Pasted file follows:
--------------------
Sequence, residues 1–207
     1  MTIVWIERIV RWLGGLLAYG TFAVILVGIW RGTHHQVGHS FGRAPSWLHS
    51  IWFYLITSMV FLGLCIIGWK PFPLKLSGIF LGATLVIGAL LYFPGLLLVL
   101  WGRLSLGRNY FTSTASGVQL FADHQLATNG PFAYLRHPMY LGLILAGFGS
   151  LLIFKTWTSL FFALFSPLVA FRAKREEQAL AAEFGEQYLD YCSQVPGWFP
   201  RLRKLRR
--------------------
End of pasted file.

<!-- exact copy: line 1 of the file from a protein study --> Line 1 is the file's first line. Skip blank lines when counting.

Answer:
Sequence, residues 1–207